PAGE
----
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Hostingxtreme Ventures, LLC v. Bespoke Group, LLC

United States District Court, N.D. Texas, Dallas Division

November 20, 2017

HOSTINGXTREME VENTURES, LLC and DOES 1 through 10 inclusive, Plaintiffs,
BESPOKE GROUP, LLC, DIVYESH PATEL, and HINA PATEL, and DOES 1 through 10 inclusive, Defendants.



         Pursuant to the order dated November 3, 2015, this case has been referred for full case management, including the determination of non-dispositive motions and issuance of findings of fact and recommendations on dispositive motions. Before the Court is Plaintiffs Motion for Leave to Amend the Complaint, filed September 11, 2017 (doc. 388). Based upon the relevant filings, evidence, and applicable law, plaintiff's motion is DENIED.

         I. BACKGROUND

         This suit arises out of a contract between Bespoke Group, LLC (Bespoke) and Prosper Trade Company (Prosper) for the purchase and delivery of 180 metric tons of bulk “US origin dry green peas” at the price of $552.00 per ton to be delivered by Bespoke from the United States to Prosper in Nhava Sheva, India. (doc. 36 at 4-5.)[1]

         Before the contract was executed, Divyesh Patel (Divyesh), the owner and manager of Bespoke, met with Hitesh Sayta (Hitesh), an individual who “held a mandate on behalf [of Prosper]” to buy dried green peas. (Id. at 4.) According to Hitesh, Divyesh represented that he had an “adequate inventory” of dried green peas that “he could ship subsequent to entering into the purported contract.” (Id. at 4-5.) They negotiated the details of the contract and “agreed that a formal written contract would be drawn up by [Divyesh] and sent out via email to Hitesh.” (Id. at 5.) Though not identified in the written contract, Prosper intended to sell these peas directly to Ask Re Ltd. (Ask Re) in Hong Kong upon receipt. (Id. at 11.) Prosper was later notified via e-mail that Bespoke was experiencing difficulties in shipping the peas due to a lack of rail car transportation caused by bad weather. (Id. at 5.) Bespoke failed to deliver the peas as required by the contract, and Prosper “had to cover its onward contractual obligations [to Ask Re] . . . [by] purchas[ing] goods from another seller” at an increased price. (Id. at 9.)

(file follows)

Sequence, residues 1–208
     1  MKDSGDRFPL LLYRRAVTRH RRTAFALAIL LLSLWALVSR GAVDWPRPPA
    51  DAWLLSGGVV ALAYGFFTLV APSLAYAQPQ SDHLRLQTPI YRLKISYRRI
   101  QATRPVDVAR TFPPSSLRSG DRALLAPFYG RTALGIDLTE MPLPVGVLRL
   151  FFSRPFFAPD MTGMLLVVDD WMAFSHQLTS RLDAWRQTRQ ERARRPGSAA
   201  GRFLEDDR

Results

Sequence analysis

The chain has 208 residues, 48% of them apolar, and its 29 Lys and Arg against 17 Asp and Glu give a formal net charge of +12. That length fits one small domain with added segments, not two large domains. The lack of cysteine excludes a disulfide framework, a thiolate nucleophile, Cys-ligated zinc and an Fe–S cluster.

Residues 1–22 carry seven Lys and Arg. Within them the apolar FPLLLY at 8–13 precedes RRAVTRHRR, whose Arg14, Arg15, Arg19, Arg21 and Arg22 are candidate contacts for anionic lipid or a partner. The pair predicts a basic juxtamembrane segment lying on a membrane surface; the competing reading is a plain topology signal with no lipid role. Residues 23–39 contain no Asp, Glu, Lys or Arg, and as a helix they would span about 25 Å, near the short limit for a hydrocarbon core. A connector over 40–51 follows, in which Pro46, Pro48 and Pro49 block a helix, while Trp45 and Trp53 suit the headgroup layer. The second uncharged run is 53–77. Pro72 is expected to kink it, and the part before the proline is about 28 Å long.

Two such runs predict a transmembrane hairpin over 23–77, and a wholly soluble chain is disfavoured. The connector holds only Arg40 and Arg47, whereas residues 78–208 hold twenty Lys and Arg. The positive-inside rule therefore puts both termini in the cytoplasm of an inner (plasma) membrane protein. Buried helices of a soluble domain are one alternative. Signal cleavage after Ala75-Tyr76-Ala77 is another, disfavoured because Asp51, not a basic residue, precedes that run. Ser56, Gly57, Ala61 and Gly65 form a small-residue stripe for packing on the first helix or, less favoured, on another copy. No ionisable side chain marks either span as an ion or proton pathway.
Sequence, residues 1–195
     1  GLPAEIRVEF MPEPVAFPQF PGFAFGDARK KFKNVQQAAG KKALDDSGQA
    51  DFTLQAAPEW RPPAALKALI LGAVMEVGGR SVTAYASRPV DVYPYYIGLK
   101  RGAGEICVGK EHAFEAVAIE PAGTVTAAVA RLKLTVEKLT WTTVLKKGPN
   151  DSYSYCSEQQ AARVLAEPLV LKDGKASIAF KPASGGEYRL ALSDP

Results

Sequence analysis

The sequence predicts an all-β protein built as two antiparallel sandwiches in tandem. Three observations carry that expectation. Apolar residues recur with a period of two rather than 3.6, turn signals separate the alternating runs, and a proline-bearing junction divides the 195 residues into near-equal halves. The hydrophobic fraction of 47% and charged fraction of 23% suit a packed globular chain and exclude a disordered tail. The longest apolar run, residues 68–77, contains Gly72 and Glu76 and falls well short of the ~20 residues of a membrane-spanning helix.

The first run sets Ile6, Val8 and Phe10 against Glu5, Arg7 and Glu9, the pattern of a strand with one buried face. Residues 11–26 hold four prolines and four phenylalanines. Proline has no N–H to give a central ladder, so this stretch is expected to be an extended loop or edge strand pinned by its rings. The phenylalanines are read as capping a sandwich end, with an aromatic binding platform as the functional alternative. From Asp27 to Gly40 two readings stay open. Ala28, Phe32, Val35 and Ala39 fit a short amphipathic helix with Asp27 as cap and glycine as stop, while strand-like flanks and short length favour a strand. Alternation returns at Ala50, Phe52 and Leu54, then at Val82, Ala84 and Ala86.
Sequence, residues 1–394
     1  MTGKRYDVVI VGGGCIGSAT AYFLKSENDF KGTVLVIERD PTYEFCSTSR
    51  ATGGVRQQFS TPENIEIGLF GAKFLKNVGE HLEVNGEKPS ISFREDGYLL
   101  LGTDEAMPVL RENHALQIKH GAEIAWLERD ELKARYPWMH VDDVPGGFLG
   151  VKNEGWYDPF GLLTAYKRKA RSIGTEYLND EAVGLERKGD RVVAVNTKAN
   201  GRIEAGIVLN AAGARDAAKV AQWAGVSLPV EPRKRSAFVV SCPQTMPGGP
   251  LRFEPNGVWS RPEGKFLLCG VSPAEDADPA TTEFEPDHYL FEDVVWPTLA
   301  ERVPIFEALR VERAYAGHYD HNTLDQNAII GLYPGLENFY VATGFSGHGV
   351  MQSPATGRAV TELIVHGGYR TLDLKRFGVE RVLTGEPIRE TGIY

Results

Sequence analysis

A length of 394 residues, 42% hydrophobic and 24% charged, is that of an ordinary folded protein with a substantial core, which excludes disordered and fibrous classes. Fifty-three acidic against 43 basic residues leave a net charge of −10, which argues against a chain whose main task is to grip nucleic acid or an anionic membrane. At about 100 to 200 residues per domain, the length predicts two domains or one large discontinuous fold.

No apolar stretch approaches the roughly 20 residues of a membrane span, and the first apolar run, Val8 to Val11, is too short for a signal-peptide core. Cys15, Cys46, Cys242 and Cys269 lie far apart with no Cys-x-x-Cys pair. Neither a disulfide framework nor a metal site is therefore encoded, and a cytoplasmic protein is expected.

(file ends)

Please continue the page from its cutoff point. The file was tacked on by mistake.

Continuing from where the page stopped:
Prosper subsequently assigned its rights under the contract to HostingXtreme Ventures, LLC (Plaintiff), which then sued Bespoke, Divyesh, and his wife, Hina Patel (Hina) (collectively Defendants) on April 22, 2014, alleging breach of written contract, breach of the implied covenant of good faith and fair dealing, promissory estoppel, common law fraud, intentional interference with contractual rights, and negligent representation.[2] (See doc. 1.) The initial scheduling order set a discovery deadline of September 16, 2015, a deadline for amended pleadings of July 31, 2015, and a trial date of February 16, 2016. (doc. 33.) Plaintiff filed its first amended complaint on February 2, 2015 (doc. 25), and its second amended complaint on July 28, 2015 (doc. 36) that included additional facts but alleged the same claims.

         The discovery disputes became so contentious in this suit that a discovery motion protocol was established on November 4, 2015, that set requirements on scheduling depositions and filing additional discovery motions. (doc. 102.) Despite the discovery protocol, the parties filed over thirty contested discovery motions.[3] (See, e.g., docs. 37, 61, 72, 75, 78, 81, 91, 93, 94, 98, 99, 101, 121, 135, 152, 171, 187, 188, 194, 201, 215, 220, 236, 249, 250, 263, 265, 272, 274, 276.) This includes twelve motions for sanctions (docs. 81, 98, 99, 119, 121, 135, 187, 188, 272, 274, 285, 336), and nine motions to compel (docs. 37, 61, 75, 91, 187, 188, 194, 276, 290). Because of these many disputes, the initial scheduling order was vacated, and an amended scheduling order was issued that extended the discovery deadline until October 14, 2016; the deadline to amend pleadings and join parties was extended until July 15, 2016. (doc. 146.) On August 15, 2016, the remaining deadlines in the amended scheduling order were extended for an additional 90 days, which moved the discovery deadline to January 13, 2017. (doc. 174.)